September 21, 2011
It's Time to Feed the Honeybees!
I’ve been keeping honeybees for many years. These little extraordinary creatures work hard to pollinate my crops and in doing so, produce delicious honey, which is enjoyed by many. Perhaps you recall my blog from last August when Carlos and beekeeper, D.J. Haverkamp of Bedford Bee, extracted honey from my beehives. During spring and summer, there is much nectar around for honeybees to gather, which they take back to their hives and turn into honey. But, in autumn and winter, it’s important to offer your bees sugar syrup when the nectar flow is scarce or nonexistent. As with nectar, honeybees will turn the sugar syrup into honey for the hive to consume during the cold days of winter.
1 You may recall that we had a very nice honey yield this summer and now it is time to supplement the hives with sugar syrup so that the bees can create new honey to carry them through the winter.
2 Before approaching the hives, Carlos dons a beekeeping veil and preps the smoker.
3 Bee smokers have been used for centuries to calm bees.
4 Carlos fills the smoker with some dried hay from the stable and lines the top with some newspaper.
5 The newspaper makes a great firestarter.
6 Carlos lets the flame build until the hay beneath ignites. Smoke masks alarm pheromones that are released by guard bees when the hive is opened for inspection.
7 Carlos gently pumps the bellows, which are attached to the smoker, feeding the flame with oxygen.
8 One bee's pheromone alerts the hive of imminent danger. If a single bee feels threatened, it will convey that to hive members nearby who, in turn, pass that warning onto the rest of the hive.
9 Carlos pumps the bellows, releasing a few puffs of smoke. Bee activity is minimal and it's time to open the hive.
10 Carlos first removed the outer cover, exposing the inner cover.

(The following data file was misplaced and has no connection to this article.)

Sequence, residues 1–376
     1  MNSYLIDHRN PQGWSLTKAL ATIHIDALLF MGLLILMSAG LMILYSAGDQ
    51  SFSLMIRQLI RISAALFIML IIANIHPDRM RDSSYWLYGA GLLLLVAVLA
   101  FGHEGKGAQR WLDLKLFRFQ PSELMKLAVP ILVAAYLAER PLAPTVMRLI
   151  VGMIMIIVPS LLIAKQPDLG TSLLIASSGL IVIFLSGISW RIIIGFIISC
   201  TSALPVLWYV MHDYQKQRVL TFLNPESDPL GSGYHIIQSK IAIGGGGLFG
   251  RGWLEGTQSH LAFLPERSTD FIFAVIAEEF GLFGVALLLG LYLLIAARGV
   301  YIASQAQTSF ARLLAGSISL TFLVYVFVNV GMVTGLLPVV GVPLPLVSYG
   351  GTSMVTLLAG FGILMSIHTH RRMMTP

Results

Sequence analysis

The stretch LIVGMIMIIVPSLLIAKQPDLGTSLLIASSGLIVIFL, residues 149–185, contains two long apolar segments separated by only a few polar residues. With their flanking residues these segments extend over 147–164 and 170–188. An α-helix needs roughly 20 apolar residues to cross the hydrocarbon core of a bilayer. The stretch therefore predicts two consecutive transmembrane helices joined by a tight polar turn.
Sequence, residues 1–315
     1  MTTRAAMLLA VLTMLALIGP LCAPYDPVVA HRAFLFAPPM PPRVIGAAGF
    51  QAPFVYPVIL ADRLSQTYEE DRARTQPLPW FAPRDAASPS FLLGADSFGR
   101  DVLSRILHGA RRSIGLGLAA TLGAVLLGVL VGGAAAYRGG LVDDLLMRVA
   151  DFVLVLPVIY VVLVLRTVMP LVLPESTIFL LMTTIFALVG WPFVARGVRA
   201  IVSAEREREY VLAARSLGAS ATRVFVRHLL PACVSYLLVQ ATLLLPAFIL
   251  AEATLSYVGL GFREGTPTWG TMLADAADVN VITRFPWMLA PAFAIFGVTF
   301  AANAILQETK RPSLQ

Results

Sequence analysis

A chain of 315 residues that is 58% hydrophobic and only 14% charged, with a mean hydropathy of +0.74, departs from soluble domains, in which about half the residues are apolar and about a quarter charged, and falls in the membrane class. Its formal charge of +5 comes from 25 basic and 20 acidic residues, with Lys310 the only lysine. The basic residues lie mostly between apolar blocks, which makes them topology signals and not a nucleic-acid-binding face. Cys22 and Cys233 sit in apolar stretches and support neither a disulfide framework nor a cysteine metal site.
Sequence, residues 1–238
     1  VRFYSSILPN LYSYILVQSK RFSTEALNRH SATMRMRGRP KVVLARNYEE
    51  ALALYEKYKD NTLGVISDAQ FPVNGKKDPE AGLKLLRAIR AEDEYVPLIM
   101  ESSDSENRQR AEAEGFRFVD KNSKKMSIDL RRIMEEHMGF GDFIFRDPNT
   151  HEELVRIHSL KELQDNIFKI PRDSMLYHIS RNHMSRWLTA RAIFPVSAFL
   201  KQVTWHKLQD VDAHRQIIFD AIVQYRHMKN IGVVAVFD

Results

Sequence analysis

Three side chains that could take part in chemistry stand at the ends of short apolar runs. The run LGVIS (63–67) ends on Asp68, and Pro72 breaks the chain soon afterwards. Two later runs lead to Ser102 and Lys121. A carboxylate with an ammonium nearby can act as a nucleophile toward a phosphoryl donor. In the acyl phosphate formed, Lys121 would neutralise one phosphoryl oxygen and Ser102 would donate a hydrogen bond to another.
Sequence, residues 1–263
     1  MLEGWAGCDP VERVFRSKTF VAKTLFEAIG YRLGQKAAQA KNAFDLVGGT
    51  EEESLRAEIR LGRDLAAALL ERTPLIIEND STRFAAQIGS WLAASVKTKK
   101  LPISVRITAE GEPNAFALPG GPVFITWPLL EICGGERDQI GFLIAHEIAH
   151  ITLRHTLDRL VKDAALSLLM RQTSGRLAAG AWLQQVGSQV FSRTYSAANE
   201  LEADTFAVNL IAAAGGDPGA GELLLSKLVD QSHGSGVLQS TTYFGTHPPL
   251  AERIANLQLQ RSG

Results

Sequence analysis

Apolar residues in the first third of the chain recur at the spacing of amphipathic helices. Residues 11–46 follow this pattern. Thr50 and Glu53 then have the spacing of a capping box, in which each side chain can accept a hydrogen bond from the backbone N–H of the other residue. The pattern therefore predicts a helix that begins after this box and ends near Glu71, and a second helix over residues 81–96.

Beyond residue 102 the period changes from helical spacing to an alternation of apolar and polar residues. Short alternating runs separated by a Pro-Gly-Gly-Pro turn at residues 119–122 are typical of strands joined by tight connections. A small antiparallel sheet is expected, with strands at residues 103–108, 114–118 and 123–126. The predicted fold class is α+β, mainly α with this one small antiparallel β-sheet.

11 Next, using his hive tool, Carlos began prying off the inner cover. It needed prying because the bees seal any hive cracks and opening with a resinous mixture called propolis, which they collect from tree buds and sap flows.
12 Rigid hive tools are a must in beekeeping. They're used to loosen hive bodies and frames, as well as scraping combs, and even removing bee stings!
13 Beneath the inner cover is a shallow honey super, where the bees will make honey comb to store their honey supply. You can see the amber-colored propolis seal around the inner edge of the super.
14 Carlos loosened and lifted a frame, showing the beeswax foundation but no honey comb. The bees need food in order to start making their winter honey supply.
15 This is the hive-top feeder, which is placed directly on top of the upper honey super. The bees enter the feeder from below by means of a screened access.
16 Carlos filled the feeder with cool syrup. This is a mix of 2-parts white sugar to 1-part water, heated to near boiling to dissolve the sugar.
17 The amount and frequency of feeding will affect the size and the viability of the hive. To keep the hive healthy and growing, we feed the bees every couple of weeks.
18 Two hives down - one to go!
19 I am proud to say that Carlos has learned a lot about beekeeping this past year. He's much more comfortable around the bees.
20 As if by magic, the bees eat the sugar syrup, mix it with special enzymes, and regurgitate it into the honeycomb cells as honey. They will use that honey as their food source throughout the winter.
21 With the hive-top bee feeders in place, the inner hive covers are not needed. They are cleaned and stored until spring when the feeders are removed from the hives.